I look down. It is reassuring to see other footprints. Others have come this way before me; others will come after. I may be alone right now, but other friends have walked this same pathway.

I can see other sections of the path as I travel. I don’t know when I will get to these sections, but I know the path is singular, so I will get there. The path has a beginning and it has an end. But the path is not a maze. I don’t have to worry about getting lost, taking a wrong turn or coming face to face with a dead end.

Through much of the journey I can see my goal: the center of the labyrinth. But when the path turns, often I find myself actually walking away from my target. Still, I must trust the path, even when it seems I am walking in the wrong direction. If I turn around I will find myself back where I started.

Sometimes I stop in my journey along the path. I listen to the song of a bird or a rattle of wind through the trees, or to watch a lizard dart under a rock. Sometimes I fix a stone that has fallen out of place, so other travelers will find the path easier. But I never alter the route.

I like it that the pathway is a guide, not surrounded by walls. If someone else were here, I could call out encouragement to her as she navigated the path. I am not separated from fellow travelers. But because the way of the path is not marked with evidence of levels of achievement or “graduations,” once she steps into the labyrinth I cannot tell where she is, exactly. I cannot know how far she has traveled or how far she has yet to go. I cannot know what challenges she has met or which she may still face. I just know that, like me, she is learning as she goes, and we will both arrive at our ultimate destination, although maybe not at the same time.

Each traveler’s journey is the same, yet different.

Getting to the center seems almost anticlimactic. A scattering of rocks, a candle or two, dried flowers, a necklace charm, little items with scriptures engraved. Evidence that other travelers have come and gone. Encouragement. Love. I breathe deep and enjoy the sun on my face, enjoy this moment of completion.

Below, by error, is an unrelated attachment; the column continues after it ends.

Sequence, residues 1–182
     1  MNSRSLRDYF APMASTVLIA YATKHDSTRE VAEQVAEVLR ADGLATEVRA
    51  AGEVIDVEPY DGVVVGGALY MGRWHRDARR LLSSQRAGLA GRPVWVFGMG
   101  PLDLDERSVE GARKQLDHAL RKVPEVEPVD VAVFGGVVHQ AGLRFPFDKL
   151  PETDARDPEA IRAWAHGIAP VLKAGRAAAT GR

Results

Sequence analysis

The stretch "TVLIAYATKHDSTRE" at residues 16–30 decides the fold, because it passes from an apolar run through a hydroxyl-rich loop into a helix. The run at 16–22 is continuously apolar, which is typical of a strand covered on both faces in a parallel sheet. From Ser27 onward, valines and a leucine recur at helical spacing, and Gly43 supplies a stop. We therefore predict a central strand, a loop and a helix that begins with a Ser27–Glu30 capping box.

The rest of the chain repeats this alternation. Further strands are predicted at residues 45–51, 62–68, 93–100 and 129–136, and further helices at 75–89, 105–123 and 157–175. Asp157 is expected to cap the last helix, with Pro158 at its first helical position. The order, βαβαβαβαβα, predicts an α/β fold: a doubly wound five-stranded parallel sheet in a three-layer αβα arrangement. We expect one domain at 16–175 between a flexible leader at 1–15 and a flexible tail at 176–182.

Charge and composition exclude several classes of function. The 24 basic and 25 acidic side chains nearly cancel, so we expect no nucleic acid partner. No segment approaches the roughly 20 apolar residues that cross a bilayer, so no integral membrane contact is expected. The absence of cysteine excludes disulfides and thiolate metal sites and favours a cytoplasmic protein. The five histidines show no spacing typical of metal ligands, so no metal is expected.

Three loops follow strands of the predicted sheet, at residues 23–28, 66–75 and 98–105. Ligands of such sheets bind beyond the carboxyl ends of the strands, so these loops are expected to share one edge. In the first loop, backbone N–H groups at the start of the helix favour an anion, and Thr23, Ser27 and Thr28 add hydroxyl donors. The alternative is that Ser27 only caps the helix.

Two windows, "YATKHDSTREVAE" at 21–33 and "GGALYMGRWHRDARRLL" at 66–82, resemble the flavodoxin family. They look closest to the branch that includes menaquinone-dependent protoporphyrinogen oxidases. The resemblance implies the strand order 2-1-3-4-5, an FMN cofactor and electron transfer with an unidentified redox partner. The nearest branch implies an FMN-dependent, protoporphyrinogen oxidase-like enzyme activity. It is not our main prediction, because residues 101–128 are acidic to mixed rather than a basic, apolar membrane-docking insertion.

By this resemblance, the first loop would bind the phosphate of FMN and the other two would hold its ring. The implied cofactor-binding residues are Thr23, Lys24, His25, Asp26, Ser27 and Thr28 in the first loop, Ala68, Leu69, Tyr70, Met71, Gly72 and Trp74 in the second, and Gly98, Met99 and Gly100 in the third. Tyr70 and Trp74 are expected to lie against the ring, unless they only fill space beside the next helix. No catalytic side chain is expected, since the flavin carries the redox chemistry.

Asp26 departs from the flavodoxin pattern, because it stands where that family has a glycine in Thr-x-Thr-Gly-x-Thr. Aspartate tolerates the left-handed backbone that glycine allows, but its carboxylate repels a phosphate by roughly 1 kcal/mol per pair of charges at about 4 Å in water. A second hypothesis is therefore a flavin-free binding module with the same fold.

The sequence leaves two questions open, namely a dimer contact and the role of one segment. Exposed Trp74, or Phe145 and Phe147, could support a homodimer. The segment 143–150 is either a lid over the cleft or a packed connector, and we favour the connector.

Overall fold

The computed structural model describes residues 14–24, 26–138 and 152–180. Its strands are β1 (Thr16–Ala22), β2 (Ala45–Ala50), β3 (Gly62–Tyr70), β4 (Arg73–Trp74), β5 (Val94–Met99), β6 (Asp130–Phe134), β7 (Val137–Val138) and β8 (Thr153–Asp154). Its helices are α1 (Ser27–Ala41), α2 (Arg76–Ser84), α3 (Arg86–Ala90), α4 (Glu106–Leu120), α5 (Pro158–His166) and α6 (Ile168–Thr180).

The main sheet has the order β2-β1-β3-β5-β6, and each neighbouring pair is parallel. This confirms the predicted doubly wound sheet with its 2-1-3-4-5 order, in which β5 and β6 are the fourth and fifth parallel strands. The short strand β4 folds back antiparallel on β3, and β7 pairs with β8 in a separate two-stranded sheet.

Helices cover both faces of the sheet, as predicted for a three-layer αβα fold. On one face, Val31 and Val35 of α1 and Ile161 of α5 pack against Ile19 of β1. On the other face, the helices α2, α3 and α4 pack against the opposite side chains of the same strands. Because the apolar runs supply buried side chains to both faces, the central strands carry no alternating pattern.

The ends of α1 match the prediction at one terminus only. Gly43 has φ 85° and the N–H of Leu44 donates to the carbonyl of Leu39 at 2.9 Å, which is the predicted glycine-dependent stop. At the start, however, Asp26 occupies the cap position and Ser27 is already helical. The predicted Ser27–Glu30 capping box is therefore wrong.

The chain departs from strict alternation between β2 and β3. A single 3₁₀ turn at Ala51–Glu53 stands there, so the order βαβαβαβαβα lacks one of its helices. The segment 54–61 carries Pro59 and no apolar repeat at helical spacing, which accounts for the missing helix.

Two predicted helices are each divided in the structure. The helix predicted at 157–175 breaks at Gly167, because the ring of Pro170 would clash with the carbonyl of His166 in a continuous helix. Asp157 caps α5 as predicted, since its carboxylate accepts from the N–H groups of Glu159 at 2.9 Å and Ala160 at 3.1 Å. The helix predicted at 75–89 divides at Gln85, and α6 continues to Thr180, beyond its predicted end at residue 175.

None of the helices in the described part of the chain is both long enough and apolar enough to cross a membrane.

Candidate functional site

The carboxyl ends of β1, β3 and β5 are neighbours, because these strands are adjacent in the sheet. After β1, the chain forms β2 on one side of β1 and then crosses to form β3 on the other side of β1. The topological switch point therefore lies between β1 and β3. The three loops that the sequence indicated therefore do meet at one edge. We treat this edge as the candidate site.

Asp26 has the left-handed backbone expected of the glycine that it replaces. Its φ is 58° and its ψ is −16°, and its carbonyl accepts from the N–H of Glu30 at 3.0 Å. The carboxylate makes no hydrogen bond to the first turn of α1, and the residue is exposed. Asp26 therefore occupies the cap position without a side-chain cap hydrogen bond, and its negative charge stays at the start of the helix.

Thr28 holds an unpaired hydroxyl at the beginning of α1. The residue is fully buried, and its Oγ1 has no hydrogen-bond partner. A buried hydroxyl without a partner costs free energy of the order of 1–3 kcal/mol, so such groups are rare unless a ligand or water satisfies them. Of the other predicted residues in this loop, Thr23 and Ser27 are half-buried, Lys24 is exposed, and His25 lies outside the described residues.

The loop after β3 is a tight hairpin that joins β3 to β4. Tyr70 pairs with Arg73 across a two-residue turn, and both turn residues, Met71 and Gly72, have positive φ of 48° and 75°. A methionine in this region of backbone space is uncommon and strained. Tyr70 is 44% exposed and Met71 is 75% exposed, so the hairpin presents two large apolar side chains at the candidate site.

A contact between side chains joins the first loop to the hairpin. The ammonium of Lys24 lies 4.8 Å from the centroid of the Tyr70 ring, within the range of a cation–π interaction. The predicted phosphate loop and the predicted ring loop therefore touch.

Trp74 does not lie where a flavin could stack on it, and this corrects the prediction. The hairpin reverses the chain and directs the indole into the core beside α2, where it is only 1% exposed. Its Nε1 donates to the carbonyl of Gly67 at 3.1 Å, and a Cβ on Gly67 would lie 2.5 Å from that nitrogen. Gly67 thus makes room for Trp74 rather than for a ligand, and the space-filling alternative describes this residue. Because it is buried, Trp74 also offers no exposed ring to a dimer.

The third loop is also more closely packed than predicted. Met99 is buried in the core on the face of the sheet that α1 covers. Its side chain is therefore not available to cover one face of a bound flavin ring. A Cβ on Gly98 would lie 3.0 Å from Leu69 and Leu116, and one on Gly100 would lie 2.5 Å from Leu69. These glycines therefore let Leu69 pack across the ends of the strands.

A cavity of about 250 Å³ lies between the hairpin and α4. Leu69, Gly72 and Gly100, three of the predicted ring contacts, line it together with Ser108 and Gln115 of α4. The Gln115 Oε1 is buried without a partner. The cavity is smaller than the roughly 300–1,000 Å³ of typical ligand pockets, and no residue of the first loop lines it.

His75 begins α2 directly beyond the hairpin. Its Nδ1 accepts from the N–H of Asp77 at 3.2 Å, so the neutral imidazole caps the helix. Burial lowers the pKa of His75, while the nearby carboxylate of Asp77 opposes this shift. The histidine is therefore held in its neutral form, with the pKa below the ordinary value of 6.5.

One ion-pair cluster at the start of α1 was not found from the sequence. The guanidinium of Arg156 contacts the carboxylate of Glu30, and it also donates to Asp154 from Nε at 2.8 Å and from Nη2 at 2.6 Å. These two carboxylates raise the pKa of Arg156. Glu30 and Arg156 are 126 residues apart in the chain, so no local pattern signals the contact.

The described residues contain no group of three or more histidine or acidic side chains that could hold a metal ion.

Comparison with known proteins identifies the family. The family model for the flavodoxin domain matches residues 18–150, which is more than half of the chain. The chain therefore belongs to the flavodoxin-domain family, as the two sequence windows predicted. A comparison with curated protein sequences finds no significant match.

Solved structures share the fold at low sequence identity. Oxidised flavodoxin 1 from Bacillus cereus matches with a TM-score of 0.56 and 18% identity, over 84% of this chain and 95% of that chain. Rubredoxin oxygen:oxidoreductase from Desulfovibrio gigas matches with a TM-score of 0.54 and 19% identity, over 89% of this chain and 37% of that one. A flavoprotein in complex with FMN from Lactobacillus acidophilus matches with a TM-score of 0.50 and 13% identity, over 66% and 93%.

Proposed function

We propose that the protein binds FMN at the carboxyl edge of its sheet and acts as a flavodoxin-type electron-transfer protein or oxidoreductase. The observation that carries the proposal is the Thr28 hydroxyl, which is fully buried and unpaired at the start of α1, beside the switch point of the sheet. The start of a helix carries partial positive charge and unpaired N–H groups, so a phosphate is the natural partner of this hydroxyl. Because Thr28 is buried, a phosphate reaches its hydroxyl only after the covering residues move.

But then my eye catches something almost buried in the dirt—a smooth rock. Here? I kneel to pick it up. It has been tumbled and its sharp edges are worn away. The translucent pink inside is clearly visible.

It is beautiful.

And I know it is for me, this rock. It is my gift from God, today—my reward for trusting the path.

My grandmother used to tumble rocks. They didn’t look like much when she first put them in the tumbler, but once they had gone through the process, they were beautiful. Tumbling rocks to perfection requires three things: time, water…and other rocks.

The rocks stay in the tumbler for many days, going over and over, back and forth. The tumbler is dark and noisy and (I’m quite sure) unpleasant inside. Tiny pieces break off of each rock, and the tiny pieces wash against the bigger pieces and slowly, slowly, the imperfections in each are worn away.

I bend down and pick up another rock. It’s a common desert rock—dirt, rough edges, crystals embedded in the chert. I clutch it in my hand and its sharpness bites into my flesh. It is raw, unrefined. It is potential.

And I see the difference. And I seek the difference.

This is my journey.

It will be unpleasant and dark at times and often I will not understand why I’m forced to endure the pain of rubbing up against these sharp, uncomfortable changes. But I will endure. Because my only other option is to stay the way I am. And frankly, that scares me more.

It is only by cooperating with the One Who wears away my rough edges—one agonizing chip at a time—that I will ever become all He wants me to be…all I want to be.

Because all I want to be…is His.

And this journey, this labyrinth—this is the only way to follow. God’s path. The one He ordained for me before time existed, before He had exhaled stars into the void. He knew I would be standing here today, seeking Him, wondering, wandering, confused. I may not understand every turn, I may not always travel the path perfectly, but if I follow, I’ll get there. He will guide my steps, because He has ordained a purpose in every one.

So I will follow, trusting. One step at a time.


Nichole Nordeman has a beautiful take on this concept in her song, “River God.”